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Sunday, June 10, 2012

I Vinti (aka The Vanquished) (1953)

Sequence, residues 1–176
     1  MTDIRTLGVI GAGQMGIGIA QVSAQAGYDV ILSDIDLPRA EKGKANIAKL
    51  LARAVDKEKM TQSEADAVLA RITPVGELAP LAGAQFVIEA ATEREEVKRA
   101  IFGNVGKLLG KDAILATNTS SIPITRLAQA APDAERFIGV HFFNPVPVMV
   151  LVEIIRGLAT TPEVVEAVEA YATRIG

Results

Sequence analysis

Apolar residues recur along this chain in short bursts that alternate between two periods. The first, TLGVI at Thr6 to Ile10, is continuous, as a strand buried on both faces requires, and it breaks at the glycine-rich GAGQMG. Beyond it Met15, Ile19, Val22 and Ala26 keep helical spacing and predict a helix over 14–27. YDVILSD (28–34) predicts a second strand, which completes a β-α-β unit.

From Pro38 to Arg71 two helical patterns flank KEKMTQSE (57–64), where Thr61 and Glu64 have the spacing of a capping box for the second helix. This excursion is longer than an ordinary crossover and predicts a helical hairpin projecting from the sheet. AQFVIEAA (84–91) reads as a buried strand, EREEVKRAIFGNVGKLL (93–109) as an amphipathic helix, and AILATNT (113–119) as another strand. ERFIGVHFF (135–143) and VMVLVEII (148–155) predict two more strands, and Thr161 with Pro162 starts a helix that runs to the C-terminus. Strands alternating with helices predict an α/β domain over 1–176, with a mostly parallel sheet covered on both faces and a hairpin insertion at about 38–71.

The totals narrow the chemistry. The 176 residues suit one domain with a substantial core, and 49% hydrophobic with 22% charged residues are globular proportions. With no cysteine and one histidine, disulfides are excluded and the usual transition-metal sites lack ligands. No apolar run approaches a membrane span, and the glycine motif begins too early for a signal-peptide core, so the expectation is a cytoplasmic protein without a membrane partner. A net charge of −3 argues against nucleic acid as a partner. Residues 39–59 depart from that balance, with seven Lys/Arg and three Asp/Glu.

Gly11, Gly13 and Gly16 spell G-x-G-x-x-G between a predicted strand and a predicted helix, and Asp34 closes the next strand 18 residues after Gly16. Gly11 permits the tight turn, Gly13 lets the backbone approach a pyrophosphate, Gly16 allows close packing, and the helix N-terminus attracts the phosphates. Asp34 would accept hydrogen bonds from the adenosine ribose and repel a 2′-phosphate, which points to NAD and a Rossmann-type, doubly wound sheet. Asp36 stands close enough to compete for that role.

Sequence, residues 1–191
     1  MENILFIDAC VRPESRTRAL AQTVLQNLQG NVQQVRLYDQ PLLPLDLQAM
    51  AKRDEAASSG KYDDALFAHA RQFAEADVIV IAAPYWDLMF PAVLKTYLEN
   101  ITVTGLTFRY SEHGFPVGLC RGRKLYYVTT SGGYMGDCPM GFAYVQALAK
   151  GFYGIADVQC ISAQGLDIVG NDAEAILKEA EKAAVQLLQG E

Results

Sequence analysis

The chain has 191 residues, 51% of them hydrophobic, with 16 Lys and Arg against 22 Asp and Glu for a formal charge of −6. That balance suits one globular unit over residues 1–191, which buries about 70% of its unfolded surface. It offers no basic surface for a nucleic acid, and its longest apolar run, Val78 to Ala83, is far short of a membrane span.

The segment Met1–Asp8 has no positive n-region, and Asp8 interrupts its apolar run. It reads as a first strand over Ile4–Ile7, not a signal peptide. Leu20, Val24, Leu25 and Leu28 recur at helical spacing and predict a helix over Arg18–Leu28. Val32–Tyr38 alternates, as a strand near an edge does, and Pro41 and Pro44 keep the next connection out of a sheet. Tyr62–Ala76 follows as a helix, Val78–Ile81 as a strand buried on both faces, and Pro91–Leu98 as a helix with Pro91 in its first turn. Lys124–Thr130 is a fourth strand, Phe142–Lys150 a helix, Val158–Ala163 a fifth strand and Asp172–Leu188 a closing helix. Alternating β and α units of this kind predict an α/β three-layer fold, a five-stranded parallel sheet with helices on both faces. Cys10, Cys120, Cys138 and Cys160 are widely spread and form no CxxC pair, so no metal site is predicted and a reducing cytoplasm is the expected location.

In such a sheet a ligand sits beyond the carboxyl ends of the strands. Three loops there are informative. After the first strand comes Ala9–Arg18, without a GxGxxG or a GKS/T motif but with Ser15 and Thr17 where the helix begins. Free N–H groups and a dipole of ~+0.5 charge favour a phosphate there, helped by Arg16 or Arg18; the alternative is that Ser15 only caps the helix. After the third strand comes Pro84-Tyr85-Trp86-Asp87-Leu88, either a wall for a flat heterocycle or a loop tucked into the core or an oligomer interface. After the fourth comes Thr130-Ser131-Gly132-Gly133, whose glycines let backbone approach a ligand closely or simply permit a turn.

In France, a group of aimless and thrill seeking teens plot to murder one of their crowd for his money. In Italy, a young smuggler (Franco Interlenghi, SHOE SHINE) murders a man who attempts to block his flight from the police. In England, a disturbed poet (Peter Reynolds) tries to profit from the murder of an aging prostitute (Fay Compton). Michelangelo Antonioni, this was only his third feature, directed these three stories united by a common theme: alienated youth with no sense of morality. While the film is certainly not without interest, you know the film is in trouble right from the beginning. There's a rather reactionary prologue in which the unseen narrator lectures us about the damaged youth of the post war period. Now, if a film has to explain it all to you at the beginning to make sure you don't miss the point, something's very wrong! Can you imagine, say, Nicholas Ray lecturing us at the beginning of REBEL WITHOUT A CAUSE about what we're to see unfold? The French segment works the best and not unsurprisingly since Antonioni's English language films have always been his weakest, the English segment is the worst. With Anna Maria Ferrero, Etchika Choureau, Eduardo Ciannelli and Patrick Barr.

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